Last month, a mining company in Australia was convicted of desecrating a sacred aboriginal site – the first time a company has been successfully prosecuted for such an offence. Known as Two Women Sitting Down, the site is associated with the Kunapa people and was damaged after blasting at the nearby Bootu Creek manganese mine in the Northern Territory. The company was fined AU$ 150,000.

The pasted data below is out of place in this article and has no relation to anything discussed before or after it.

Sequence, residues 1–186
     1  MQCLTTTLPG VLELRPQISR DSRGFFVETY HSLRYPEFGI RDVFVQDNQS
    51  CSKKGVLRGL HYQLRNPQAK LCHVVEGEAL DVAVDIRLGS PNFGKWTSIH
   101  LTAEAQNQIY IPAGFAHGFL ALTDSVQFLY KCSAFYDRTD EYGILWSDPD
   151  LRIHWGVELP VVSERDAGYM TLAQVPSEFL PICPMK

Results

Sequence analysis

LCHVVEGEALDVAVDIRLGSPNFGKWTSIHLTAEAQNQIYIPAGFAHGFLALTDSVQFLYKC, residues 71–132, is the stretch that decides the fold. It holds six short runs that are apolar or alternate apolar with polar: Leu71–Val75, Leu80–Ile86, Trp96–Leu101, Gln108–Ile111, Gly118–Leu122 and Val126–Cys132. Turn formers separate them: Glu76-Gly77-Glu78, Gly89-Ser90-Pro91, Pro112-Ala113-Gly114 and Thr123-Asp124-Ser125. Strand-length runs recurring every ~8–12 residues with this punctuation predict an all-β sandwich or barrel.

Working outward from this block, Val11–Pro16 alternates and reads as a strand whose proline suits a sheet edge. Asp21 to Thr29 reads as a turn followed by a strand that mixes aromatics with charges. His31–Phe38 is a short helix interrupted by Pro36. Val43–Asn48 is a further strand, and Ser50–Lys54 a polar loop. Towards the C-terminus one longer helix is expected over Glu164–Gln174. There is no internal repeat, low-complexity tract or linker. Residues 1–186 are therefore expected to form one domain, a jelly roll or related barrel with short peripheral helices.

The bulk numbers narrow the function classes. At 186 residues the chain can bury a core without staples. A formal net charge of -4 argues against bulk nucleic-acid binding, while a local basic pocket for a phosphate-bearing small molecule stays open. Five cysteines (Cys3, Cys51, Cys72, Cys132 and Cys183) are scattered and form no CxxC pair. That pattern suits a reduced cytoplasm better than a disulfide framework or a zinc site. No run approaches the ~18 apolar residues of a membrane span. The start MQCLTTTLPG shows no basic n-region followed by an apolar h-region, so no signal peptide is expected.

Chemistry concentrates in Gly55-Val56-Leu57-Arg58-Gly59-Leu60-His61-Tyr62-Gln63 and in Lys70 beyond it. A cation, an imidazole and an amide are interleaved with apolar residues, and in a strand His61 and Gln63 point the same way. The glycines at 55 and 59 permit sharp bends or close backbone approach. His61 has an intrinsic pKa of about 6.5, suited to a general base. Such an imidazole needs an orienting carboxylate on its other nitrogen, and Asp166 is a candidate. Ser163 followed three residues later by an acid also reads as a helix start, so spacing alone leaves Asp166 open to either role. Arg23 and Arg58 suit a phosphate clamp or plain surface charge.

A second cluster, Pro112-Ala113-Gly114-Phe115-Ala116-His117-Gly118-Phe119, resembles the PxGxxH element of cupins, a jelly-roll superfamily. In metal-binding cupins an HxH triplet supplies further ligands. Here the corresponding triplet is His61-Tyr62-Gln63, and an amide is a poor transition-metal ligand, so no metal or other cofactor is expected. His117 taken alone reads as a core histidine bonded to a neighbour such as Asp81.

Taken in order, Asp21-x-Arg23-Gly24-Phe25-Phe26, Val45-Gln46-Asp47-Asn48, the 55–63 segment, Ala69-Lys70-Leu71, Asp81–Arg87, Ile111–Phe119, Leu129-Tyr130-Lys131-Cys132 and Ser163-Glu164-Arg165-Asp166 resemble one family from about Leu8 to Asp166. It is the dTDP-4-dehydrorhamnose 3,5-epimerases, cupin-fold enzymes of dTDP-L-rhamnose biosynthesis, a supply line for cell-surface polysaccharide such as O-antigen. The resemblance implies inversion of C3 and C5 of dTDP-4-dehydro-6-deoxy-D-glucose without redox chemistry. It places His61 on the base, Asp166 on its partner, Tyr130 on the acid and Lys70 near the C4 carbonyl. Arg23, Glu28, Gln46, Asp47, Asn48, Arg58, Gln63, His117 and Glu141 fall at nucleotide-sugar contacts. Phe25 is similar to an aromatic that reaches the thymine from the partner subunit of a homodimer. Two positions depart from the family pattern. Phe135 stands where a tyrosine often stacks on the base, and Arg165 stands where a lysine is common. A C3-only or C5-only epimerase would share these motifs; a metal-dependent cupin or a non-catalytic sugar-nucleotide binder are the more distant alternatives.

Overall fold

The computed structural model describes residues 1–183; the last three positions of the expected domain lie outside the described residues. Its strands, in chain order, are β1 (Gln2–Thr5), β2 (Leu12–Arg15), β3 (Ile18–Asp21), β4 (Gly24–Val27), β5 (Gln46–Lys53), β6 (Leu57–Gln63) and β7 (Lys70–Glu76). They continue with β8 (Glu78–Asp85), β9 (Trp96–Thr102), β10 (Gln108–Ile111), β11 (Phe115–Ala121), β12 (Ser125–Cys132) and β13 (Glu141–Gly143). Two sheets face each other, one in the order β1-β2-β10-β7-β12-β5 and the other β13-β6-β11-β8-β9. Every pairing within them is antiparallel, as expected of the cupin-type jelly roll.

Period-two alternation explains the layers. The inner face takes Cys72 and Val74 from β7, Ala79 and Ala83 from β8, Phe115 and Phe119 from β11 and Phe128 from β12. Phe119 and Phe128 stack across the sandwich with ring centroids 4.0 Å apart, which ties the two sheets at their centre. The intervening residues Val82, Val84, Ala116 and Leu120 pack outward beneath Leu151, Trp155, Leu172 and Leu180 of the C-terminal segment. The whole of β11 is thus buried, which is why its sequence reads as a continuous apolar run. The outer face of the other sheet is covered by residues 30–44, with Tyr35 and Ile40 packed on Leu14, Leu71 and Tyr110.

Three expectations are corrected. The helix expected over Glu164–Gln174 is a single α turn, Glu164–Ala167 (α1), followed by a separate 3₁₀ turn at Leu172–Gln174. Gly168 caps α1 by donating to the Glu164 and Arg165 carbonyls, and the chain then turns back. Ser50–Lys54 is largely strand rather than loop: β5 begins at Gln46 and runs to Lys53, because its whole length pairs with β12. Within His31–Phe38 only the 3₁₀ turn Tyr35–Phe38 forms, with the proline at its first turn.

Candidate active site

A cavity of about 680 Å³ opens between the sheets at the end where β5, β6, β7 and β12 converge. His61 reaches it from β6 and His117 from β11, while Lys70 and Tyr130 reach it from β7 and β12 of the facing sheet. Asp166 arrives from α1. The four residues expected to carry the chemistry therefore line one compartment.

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A tragedy for the Kunapa people, the damage to Two Women Sitting Down is also a reminder to the mining industry of the tension that can exist between maintaining business success and being a good neighbour. This is particularly true in areas where mining operations share land with aboriginal communities for whom the land has provided a home for generations. But it extends to all communities that live in the shadow of large mining operations. One such community is Bulga, a village of 300 people in the Hunter Valley region of New South Wales. Here, residents are fighting against the expansion of Rio Tinto’s Warkworth coal mine. They recently won a case in the state Land and Environment Court to prevent the expansion, citing “negative social impacts on local community” and threats to its “sense of place.” Rio Tinto have appealed that ruling to the state supreme court and say that up to 1300 local jobs may be lost if the mine is not allowed to expand. It is not always a story of conflict, however. Elsewhere, local communities welcome the economic boost mining companies can bring. This can be especially valuable to aboriginal communities that often find themselves socially and economically marginalised. In the US Powder River Basin, the Crow Tribe has recognised this and is working with Cloud Peak Energy, to develop the coal resources in its tribal lands. These resources “offer significant potential for good-paying jobs and a diversified source of revenue for essential tribal government services,” according to Darrin Old Coyote, chairman of the Crow Tribal executive branch. With such a range of reactions, community reaction to mining is a potential source of risk to new mining projects. So what can the mining industry do to avoid confrontation and build a positive and mutually beneficial relationship with local communities? Geoff Sharrock, president of The Australasian Institute of Mining and Metallurgy, argues that communication is key – and that communication must begin early: “mining companies need to plan to include community engagement and environmental assessment professionals early in a project, so that they can work with the exploration geologists from the start […] Effective engagement with land holders and communities is all about human relationships.” Many mining companies already acknowledge that community engagement is important – but more can always be done. To commit to early and genuine community engagement may require time and patience, but in the long run will build a better relationship with host communities and make incidents like the destruction of Two Women Sitting Down less likely to happen. For an industry that is often maligned, the benefits should be obvious. As an old advert for British Telecom used to say: “It’s good to talk.”